By Georgia Florey-Evans
As you might guess from the title, we are looking at characters. Unless I stick with the “Real People” and host a gossip session like none other.
When I started writing only three years ago, I was naïve. I would write this unbelievably excellent novel, and it would go right onto the shelf at every major bookstore. While my book didn’t become a best-seller, a well-known author read it. “You are character-driven, but you need to remember the other components of a good story.” That made about as much sense to me as directions to Atlantis, but I taught for ten years so I could figure this out.
I started right off with a blue-ribbon mistake. I googled “characters and plot,” and the plethora of “best ways” to balance a character with the other elements of a story was astonishing. Along comes my second mistake. I printed out three binders full of “the best way” instructions. I have no idea what I did with those. Then, Eureka! To make my story and characters real, they had to be actual people to me.
The first characters I felt existed were twins managing their Myrtle Beach apartment buildings. Were they real to only me? The second day of a Myrtle Beach vacation, my daughter asked, “Do you keep expecting to see Randy or Sam?” I wasn’t alone.
There is no magic formula, and I realized that as truth when I described my four blonde men as looking like Chris Hemsworth. I came across a small article about creating a character, and that advice changed everything. Instead of the templates and directions, I would find a picture. No license required because I was the only one who knew about the photos. I began locating a man or woman who resembled my characters, and once I took all the “Thor” pictures out, this was wonderful. It even became better when I found a program that let me keep the pictures organized. Before I wrote one word, I would think of one character and find his/her photo. (Did you know Chris Hemsworth has an actor brother, Liam? Yeah–he had to go, too.)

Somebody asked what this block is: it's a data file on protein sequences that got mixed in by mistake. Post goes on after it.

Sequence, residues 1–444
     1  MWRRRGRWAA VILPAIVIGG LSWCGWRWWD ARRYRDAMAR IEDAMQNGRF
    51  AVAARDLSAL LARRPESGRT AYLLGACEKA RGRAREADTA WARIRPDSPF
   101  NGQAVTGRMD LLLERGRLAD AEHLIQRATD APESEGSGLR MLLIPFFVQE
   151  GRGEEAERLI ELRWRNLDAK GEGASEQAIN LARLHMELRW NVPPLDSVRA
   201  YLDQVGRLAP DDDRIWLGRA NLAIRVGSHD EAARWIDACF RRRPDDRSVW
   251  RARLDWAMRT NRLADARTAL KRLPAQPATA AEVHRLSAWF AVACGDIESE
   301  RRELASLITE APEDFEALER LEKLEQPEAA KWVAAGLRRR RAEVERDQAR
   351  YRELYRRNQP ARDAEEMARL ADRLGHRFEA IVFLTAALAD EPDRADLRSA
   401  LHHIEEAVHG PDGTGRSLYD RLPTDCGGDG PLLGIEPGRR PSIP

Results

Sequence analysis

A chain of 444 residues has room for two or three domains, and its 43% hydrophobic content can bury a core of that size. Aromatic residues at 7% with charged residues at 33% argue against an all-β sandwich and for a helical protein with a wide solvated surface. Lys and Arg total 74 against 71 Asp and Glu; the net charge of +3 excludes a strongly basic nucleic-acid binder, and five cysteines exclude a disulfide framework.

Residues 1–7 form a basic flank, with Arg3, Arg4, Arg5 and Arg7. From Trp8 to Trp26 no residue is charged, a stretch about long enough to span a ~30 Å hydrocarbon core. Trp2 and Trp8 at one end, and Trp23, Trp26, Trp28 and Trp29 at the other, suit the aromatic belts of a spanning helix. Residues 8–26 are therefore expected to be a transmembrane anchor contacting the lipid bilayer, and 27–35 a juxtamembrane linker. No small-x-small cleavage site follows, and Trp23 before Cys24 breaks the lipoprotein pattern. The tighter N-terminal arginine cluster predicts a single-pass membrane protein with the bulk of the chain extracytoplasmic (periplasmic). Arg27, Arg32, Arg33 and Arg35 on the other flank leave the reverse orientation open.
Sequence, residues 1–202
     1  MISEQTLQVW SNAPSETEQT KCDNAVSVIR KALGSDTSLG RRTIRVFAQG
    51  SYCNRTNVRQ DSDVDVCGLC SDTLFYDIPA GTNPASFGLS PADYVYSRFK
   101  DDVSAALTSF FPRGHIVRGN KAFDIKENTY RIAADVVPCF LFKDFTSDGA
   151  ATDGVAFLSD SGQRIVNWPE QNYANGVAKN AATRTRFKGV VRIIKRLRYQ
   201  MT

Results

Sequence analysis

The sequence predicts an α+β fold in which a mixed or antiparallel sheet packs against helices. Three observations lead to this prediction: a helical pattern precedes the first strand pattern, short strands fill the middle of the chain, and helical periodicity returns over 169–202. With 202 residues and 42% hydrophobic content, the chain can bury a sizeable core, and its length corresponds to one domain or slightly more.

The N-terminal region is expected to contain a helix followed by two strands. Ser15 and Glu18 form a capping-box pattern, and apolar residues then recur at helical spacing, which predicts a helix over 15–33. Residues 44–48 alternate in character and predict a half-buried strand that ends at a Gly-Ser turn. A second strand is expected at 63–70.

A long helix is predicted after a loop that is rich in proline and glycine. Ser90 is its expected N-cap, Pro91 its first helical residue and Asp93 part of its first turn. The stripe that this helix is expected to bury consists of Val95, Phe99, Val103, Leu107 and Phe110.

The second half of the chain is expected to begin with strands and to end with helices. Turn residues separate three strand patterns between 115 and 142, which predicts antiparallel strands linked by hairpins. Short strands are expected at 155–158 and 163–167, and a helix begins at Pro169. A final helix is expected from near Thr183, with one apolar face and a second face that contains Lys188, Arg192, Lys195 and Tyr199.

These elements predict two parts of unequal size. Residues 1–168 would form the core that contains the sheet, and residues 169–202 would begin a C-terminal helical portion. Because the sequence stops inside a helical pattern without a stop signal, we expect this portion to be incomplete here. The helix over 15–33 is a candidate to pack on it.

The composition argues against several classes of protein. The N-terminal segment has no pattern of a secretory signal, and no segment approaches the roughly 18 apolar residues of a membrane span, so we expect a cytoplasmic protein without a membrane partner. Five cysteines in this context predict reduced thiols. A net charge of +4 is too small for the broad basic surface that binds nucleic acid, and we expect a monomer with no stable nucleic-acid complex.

My Extended Family series provides my most real character. Bert is the most rounded character I have written. She is eccentric and calls her “young ones” by their first and middle names. They aren’t so “young,” and some didn’t care for their given names. Randy Wexler may as well have walked to a big tree and asked it to lay off the “Randall.” At least the tree wouldn’t feel inclined to pinch his cheeks and say, “Aren’t you funny, Randall Alan.”
In one book, she is injured from a fall, and the doctor puts her on pain pills. When she sat down for breakfast, the man on each side of her backed off while she piles their plates with a seven-inch stack. For their dining pleasures, Aunt Bert entertains them with songs she doesn’t know.
Bert also has a playful side. She keeps gifting her brides with uniquely designed lingerie that had all three of them the color of a ripe tomato. And, telling the night clerk at a hotel that the young man escorting her needed his own room because he needed a break. Wouldn’t think a young man with muscles would wear out, would you? Sadness runs deep because her true love died in a tragic car accident the night before they were to be wed.
Hopefully, you see Aunt Bert the way I wrote her. Truthfully, I miss her sometimes and have to go back to one of her character blogs on my website.
So, my unprofessional advice? Write your characters as real people. No characteristics sheets because if you know them, you know them.
Have fun with your real people.
Georgia Florey-Evans is new to the Christian Romantic Suspense. She has switched from the Contemporary Romance and found her niche. She lives with her hero of thirty-seven years in a small Illinois town and is thankful all six of their grandchildren are nearby. Georgia is her pastor’s assistant and writes the church’s weekly newsletter. When not writing, she enjoys reading and walking her puppy, Gizmo. She loves to hear from her readers. You can contact her and read her blog at www.georgiaevansauthor.com.